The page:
Schools and their communities to have a say in language policy?
Harold F. Schiffman
haroldfs at ccat.sas.upenn.edu
Thu Sep 1 12:16:53 UTC 2005
>>From the Cape Times,
Schools could be beacons of care if parents have a say
By Van Rooi Khosa
With the Education Laws Amendment Bill currently being debated in
parliament, the arguments around the power allocated to school governing
bodies are resurfacing. It is therefore important to reflect that our
Constitution makes an unequivocal commitment to representative and
participatory democracy, accountability, transparency and public
involvement beyond just elections. It encourages South Africans to shape
their destiny in every sphere of life, including education.
The South African Schools Act (SASA) endeavours to create a new governance
landscape based on citizen participation and partnership between the
state, parents, learners, educators and communities. In essence, it grants
schools and their constituent communities a significant say in
decision-making by devolving power to stakeholders who participate in
democratic governance of schools.
It also stipulates a set of functions for School Governing Bodies (SGBs),
including the determination of admissions and language policy,
recommending teaching and non-teaching appointments, managing finances,
determining school fees and conducting fundraising. However, recognising
that certain sections of SASA have failed to deal with the enormous
challenges our education system is facing, the Department of Education has
instituted a series of review committees aimed at informing a holistic
policy review. The recommendations emerging from these review committees
make a case for the need for policy overhaul.
Media statements by officials in the Department of Education and minister
Naledi Pandor herself over the past few months suggest that the policy
review is being conducted in a piecemeal fashion. The media statements
provide disturbing pointers to serious flaws in the policy review. Pandor,
for instance, was quoted as saying legislation developed in the
post-election period in 1995 gave a great deal of attention to
democratisation as opposed to policies and practices for the promotion of
quality learning and teaching.
Her message and that of others in her department leads one to believe the
department is committed to trimming some of the SGBs' powers. It would
seem that this has in part to do with some SGBs, particularly those in
former Model C schools, acting as if their schools were private schools.
Because of the power wielded by the SGBs and their control over the
employment of teachers, learners may be African but there are no African
teachers. Notwithstanding Pandor's negative comments on the
democratisation of schools, the prevailing power relations at school level
- between the parents' component and the educators' component of SGBs -
are already heavily loaded in favour of school principals. Evidence shows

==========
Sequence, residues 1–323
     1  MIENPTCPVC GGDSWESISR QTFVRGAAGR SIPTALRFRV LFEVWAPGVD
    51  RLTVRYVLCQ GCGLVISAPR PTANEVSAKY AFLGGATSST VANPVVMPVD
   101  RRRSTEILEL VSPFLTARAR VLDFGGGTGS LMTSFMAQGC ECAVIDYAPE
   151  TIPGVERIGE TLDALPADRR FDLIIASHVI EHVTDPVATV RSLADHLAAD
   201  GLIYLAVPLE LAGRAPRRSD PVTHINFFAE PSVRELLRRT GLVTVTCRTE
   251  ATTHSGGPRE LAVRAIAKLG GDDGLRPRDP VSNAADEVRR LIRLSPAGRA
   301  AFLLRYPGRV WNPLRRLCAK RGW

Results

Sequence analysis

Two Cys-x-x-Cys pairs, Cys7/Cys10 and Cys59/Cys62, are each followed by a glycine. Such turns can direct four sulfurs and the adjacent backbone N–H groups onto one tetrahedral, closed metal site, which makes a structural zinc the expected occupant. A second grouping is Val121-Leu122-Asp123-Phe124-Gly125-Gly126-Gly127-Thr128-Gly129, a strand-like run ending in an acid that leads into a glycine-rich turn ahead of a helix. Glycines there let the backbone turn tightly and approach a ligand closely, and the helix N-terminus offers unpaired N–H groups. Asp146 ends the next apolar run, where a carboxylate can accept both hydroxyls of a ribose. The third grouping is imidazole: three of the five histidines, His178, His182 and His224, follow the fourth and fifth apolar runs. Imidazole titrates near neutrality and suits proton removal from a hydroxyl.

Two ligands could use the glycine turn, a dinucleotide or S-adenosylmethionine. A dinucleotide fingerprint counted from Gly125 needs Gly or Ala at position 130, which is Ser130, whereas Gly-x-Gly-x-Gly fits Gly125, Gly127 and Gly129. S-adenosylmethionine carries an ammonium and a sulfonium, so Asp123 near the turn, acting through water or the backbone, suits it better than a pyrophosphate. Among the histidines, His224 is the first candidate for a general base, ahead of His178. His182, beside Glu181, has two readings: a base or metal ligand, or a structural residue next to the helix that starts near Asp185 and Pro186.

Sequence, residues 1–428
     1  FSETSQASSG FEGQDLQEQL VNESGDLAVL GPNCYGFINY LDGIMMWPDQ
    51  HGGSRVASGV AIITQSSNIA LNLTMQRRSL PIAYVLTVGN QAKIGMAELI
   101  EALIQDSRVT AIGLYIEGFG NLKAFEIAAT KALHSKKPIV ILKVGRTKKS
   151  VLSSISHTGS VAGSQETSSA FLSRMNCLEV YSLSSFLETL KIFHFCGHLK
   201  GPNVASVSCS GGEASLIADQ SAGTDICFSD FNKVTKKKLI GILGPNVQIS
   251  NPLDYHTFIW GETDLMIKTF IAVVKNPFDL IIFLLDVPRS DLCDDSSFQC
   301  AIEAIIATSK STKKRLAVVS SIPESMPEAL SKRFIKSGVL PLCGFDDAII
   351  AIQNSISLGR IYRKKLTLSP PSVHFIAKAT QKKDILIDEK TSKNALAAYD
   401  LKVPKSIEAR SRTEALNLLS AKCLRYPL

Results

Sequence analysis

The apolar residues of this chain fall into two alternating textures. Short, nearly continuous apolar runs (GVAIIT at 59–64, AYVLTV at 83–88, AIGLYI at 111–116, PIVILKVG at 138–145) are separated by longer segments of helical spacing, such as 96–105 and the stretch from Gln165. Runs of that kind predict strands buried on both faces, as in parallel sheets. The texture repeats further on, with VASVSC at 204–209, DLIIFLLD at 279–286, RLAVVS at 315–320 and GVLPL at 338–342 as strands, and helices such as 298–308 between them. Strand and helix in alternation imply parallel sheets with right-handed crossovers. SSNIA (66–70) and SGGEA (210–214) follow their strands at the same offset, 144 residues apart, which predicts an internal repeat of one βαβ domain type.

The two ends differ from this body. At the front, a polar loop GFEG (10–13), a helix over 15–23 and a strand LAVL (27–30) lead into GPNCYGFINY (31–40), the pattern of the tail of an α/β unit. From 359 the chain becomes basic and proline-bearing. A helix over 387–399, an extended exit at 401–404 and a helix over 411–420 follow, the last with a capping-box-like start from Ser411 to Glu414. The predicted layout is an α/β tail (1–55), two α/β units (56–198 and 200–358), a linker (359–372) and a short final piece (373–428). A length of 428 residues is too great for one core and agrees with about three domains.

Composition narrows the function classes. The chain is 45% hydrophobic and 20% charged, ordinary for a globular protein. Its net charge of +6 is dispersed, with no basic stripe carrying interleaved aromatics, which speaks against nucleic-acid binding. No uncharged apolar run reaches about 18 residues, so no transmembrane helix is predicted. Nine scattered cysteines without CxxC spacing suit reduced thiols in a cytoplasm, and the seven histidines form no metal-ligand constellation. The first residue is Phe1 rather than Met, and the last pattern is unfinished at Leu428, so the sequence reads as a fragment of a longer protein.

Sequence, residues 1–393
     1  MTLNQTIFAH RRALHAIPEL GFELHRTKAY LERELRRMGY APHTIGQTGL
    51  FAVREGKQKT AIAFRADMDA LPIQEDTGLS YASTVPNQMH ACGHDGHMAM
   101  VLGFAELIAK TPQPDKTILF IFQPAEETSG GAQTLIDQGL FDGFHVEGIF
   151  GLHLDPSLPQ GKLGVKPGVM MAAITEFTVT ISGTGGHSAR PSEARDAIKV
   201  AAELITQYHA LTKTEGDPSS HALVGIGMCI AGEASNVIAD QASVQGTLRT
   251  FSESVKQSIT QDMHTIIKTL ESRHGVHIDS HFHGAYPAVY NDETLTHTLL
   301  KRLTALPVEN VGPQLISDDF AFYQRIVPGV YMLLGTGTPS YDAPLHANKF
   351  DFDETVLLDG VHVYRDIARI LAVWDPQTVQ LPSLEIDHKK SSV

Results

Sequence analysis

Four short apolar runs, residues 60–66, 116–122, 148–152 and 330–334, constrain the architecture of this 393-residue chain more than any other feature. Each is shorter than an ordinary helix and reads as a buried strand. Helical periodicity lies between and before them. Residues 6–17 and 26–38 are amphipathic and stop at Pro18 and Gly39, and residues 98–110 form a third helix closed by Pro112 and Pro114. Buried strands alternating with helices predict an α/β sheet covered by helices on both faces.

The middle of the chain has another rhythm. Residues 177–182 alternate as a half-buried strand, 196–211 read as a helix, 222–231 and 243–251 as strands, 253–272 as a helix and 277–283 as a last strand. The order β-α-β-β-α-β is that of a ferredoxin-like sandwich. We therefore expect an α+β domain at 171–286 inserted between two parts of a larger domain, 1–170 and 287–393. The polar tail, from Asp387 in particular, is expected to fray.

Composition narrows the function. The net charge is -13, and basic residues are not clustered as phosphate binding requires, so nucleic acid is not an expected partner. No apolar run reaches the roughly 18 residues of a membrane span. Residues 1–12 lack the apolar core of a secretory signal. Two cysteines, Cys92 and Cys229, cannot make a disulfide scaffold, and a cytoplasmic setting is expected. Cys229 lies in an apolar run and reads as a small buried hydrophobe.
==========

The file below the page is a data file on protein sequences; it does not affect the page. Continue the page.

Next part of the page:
that school principals continue to wield considerable influence over who
gets elected to the SGB, and who gets recommended for filling vacant
This practice has been disempowering for parents and has flown in the face
of meaningful parental participation in the education of their children.
In many instances, parental involvement has been structured by what
educators and principals view as appropriate within the limits of
supporting the efficient running of schools. Since they are drawing their
mandate from communities which have a fair understanding of existing local
dynamics and developmental needs, SGBs provide a useful mechanism for
sustainable partnerships between schools and communities.
If appropriately empowered, they can be utilised as catalysts for the
promotion of schools as nodes of care and support for vulnerable children.
Potentially, they can lobby for responsive government interventions for
children in dire need of services and for schools to become portals of
service delivery. They can also refer children to appropriate services and
benefits and can ensure optimum utilisation of community resources.
Therefore, capacity development programmes for SGBs need not be limited to
financial management and school-based policy development, as is currently
the case, but should include support measures for children using locally
accessible resources as well as community initiatives such as secondary
agricultural production. Given the complexities of the problems, we don't
believe the solution is increasing the power of school principals.
The problems would be far better addressed if community empowerment
efforts to ensure meaningful and active parental participation in
education were given greater attention and resources. In the light of the
alarming vulnerability of children in the context of poverty, the idea of
promoting schools as nodes of care and support for vulnerable children has
gained considerable currency in different quarters, including government
departments servicing schools and civil society organisations.
This idea is being promoted by Soul City: The Institute for Health and
Development Communication through radio and television vehicles with the
National Association of School Governing Bodies to build their capacity,
and to conscientise the communities about what they can do to support
vulnerable children. Although it may be too early to celebrate victory,
the results have been significant, and will be even greater as Soul City
embarks on a full-scale community dialogue process.
This will enable the communities to articulate creative and sustainable
ways to work with SGBs, thus placing schools at the heart of community
Khosa is the advocacy officer at Soul City: Institute for Health and
Published on the web by Cape Times on September 1, 2005.
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